Review: Harry Potter and The Prisoner of Azkaban

Title: Harry Potter and the Prisoner of Azkaban
Author: J.K. Rowling
Publication Date: July 8, 1999
Genre: Fantasy/Middle Grade
My Rating: 5 stars

Harry Potter’s third year at Hogwarts is full of new dangers. A convicted murderer, Sirius Black, has broken out of Azkaban prison, and it seems he’s after Harry. Now Hogwarts is being patrolled by the dementors, the Azkaban guards who are hunting Sirius. But Harry can’t imagine that Sirius—or, for that matter, the evil Lord Voldemort—could be more frightening than the dementors themselves, who have the terrible power to fill anyone they come across with aching loneliness and despair.

Meanwhile, life continues as usual at Hogwarts. A top-of-the-line broom takes Harry’s success at Quidditch, the sport of the Wizarding world, to new heights. A cute fourth-year student catches his eye. And he becomes close with the new Defense of the Dark Arts teacher, who was a childhood friend of his father.

Yet despite the relative safety of life at Hogwarts and the best efforts of the dementors, the threat of Sirius Black grows ever closer. But if Harry has learned anything from his education in wizardry, it is that things are often not what they seem.

Tragic revelations, heartwarming surprises, and high-stakes magical adventures await the boy wizard in this funny and poignant third installment of the beloved series.

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After I finished The Prisoner of Azkaban, I held it close to my chest and embraced it for a solid two minutesDespite knowing what will transpire in later books, my heart was full and happy at the end of this book. The Prisoner of Azkaban is one of my favorite books in the series because the new characters are compelling, well-developed, and memorable; the plot is unique and fast paced; and the Quidditch scenes are hilarious because Lee Jordan is the best color commentator ever. The revelations in this book are even better than the first two books because JK Rowling is an expert at plot twists that you never see coming.

When we meet Harry again, it’s summer and he’s back with the Dursleys. This time we meet another horrible member of the Dursley family — Aunt Marge. Aunt Marge is that one relative whom you hated when they visited for the holidays, except she’s ten times worse. In just a few pages, Aunt Marge managed to show us how awful she is and that the Dursleys are all around terrible people. What transpires during Aunt Marge’s visit leads to Harry leaving the Dursley’s home and spending his final summer days at Diagon Alley.

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I once worked in child welfare with abused children, so you can imagine how upsetting rereading the Dursleys behaviors have been to me. They are narrow-minded, cruel, and despicable people. While I was happy Harry left on his own, I was also extremely saddened by this because it’s easy to forget that Harry is only 13 years old. Although, Harry is a quintessential underdog in this series, this book reminded us that he’s not down and out. The Knight Bus arrived while he was stranded, and the Minister of Magic, Cornelius Fudge, was there to met him when he arrived at the Leaky Cauldron. What I found interesting in this chapter was that Cornelius Fudge excused unintended magic use in this book because of the circumstances, but didn’t know Dobby was responsible for magic use in The Chamber of Secrets.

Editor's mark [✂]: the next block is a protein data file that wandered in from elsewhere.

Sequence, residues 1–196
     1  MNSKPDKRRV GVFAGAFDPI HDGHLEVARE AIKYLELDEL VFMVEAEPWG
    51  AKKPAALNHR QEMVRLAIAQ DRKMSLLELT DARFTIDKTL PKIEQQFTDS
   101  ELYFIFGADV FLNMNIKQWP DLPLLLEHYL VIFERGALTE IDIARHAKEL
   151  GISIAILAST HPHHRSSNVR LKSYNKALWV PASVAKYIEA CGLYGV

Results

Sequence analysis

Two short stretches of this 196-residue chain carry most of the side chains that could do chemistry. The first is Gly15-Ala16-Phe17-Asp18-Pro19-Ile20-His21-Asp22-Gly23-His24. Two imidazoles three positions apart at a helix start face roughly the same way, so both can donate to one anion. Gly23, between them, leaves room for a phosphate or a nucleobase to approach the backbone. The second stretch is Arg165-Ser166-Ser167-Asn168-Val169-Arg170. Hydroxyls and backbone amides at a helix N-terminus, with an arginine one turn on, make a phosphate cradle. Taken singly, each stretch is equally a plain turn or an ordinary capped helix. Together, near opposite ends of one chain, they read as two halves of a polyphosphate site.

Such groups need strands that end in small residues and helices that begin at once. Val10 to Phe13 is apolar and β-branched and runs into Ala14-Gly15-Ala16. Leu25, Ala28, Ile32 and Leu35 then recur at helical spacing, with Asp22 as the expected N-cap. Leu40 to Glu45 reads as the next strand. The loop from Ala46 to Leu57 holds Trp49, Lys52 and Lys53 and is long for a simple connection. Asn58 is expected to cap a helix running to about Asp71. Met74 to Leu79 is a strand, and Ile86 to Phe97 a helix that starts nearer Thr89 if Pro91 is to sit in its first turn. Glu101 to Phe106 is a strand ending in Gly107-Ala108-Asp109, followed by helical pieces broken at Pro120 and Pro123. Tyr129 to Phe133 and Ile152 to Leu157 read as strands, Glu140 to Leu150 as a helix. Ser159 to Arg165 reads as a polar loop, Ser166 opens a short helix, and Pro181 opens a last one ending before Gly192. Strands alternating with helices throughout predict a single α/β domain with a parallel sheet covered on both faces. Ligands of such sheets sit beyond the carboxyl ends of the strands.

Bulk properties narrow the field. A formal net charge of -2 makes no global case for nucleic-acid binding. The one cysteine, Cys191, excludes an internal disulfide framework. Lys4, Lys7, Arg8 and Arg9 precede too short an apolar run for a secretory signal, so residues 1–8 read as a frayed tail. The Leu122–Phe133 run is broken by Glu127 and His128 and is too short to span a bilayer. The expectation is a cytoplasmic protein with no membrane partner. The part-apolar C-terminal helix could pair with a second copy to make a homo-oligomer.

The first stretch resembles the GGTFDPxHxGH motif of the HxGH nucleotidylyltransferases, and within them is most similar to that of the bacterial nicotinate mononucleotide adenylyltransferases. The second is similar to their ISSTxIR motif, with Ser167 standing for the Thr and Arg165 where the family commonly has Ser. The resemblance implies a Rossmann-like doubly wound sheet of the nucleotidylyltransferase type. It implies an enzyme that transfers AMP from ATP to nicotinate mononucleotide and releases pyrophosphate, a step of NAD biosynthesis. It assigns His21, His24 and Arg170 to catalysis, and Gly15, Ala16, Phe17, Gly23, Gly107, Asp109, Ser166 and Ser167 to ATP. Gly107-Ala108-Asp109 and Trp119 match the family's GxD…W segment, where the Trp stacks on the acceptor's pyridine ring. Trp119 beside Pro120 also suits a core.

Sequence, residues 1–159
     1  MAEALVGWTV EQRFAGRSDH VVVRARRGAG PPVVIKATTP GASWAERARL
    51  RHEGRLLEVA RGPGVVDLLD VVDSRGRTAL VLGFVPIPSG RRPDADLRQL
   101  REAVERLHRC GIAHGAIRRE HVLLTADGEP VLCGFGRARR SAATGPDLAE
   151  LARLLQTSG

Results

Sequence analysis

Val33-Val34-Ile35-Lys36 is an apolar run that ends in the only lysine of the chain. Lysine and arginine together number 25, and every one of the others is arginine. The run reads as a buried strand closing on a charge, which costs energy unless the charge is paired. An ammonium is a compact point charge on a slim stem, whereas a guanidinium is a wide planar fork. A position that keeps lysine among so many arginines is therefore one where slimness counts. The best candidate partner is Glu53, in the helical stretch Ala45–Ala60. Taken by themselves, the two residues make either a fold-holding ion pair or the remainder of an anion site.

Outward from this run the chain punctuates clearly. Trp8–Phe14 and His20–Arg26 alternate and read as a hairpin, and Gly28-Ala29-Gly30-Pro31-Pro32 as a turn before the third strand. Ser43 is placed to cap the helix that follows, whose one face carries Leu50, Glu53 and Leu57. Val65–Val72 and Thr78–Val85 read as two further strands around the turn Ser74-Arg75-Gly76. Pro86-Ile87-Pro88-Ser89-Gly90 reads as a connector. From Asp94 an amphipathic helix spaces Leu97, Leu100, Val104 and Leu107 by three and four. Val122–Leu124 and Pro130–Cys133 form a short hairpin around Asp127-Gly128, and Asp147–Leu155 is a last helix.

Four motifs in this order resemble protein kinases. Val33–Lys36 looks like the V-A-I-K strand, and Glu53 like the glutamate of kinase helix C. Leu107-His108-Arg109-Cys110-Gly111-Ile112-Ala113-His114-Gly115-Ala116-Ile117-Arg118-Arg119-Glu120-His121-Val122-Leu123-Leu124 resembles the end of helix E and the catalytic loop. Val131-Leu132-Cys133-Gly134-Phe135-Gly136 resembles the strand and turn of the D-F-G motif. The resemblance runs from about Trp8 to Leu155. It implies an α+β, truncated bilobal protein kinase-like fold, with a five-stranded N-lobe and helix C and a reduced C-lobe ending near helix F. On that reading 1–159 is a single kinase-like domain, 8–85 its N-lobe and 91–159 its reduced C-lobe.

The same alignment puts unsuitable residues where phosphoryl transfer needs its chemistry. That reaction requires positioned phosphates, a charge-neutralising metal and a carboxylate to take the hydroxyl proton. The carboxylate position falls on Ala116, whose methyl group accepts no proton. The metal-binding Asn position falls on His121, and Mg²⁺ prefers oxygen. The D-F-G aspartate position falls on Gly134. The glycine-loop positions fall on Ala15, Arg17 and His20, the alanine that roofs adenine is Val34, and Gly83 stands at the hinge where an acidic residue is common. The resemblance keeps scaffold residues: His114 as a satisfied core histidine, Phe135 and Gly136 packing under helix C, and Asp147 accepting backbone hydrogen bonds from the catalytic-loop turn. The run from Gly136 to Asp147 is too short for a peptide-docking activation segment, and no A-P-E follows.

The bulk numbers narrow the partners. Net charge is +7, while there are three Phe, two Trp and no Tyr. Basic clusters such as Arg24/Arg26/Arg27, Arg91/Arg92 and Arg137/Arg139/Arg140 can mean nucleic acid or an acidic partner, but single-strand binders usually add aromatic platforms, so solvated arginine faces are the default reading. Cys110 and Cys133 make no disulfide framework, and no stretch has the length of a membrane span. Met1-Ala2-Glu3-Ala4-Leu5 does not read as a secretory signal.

The Prisoner of Azkaban introduces us to one of my favorite characters in the series — Sirius Black. In this book we learn about Sirius’ imprisonment, his past through gossip and rumors, and the guards that keep the prisoners in line at Azkaban. J.K. vividly describes these guards that at some point, I felt frightened. J.K. does a wonderful job developing Sirius as a mysterious and compelling character who, by the end of the book, you want to cheer for. As to other characters, we are introduced to the new Defense Against the Dark Arts professor (because the turnover rate is still 100%), Remus Lupin. Professor Lupin is quite a mystery as well. So far, he is the best Defense Against The Dark Arts professor these third years have had. Lupin is intriguing and enjoyable. There are characters in this book that I still dislike and will likely continue to dislike. Snape is still the worst and Malfoy is still a bully. I wanted to fight Snape when he called Hermione a “stupid girl” and I cheered when Hermione slapped Malfoy because of an offensive remark. Hermione, in some unbelievable way, takes on more academic commitments, which greatly influenced her stress level and there are a few disagreements between Ron, Harry, and Hermione. Despite these things, they still remain squad goals.

The Prisoner of Azkaban is funny, entertaining, and unexpectedly hopeful. The writing in this book is exceptional as J.K’s writing transports you to every setting whether its through secret passageways in the castle, Quidditch matches, or Hogsmeade Village. I experienced a range of emotions reading this book. I raged. I laughed. I cried. I smiled. I raged at the Dursleys behaviors. I laughed during the Quidditch matches because Lee Jordan is hilarious. Even with knowledge of what happens next, I was excited when Harry found someone who willingly wanted to care for him and I wanted to weep when things didn’t go accordingly. I smiled when Hagrid gave Ron and Harry advice and I smiled at the end because Harry was happy and hopeful.

One thing I noticed is that this book conveys an overall message: friendship is more valuable than trivial things. Whether it’s Hermione and Hagrid; Ron, Harry, and Hermione; or other characters, this theme is consistent throughout the book. The Prisoner of Azkaban was very satisfying and I wish I could bottle the happiness I felt reading this book.

Thanks for reading!


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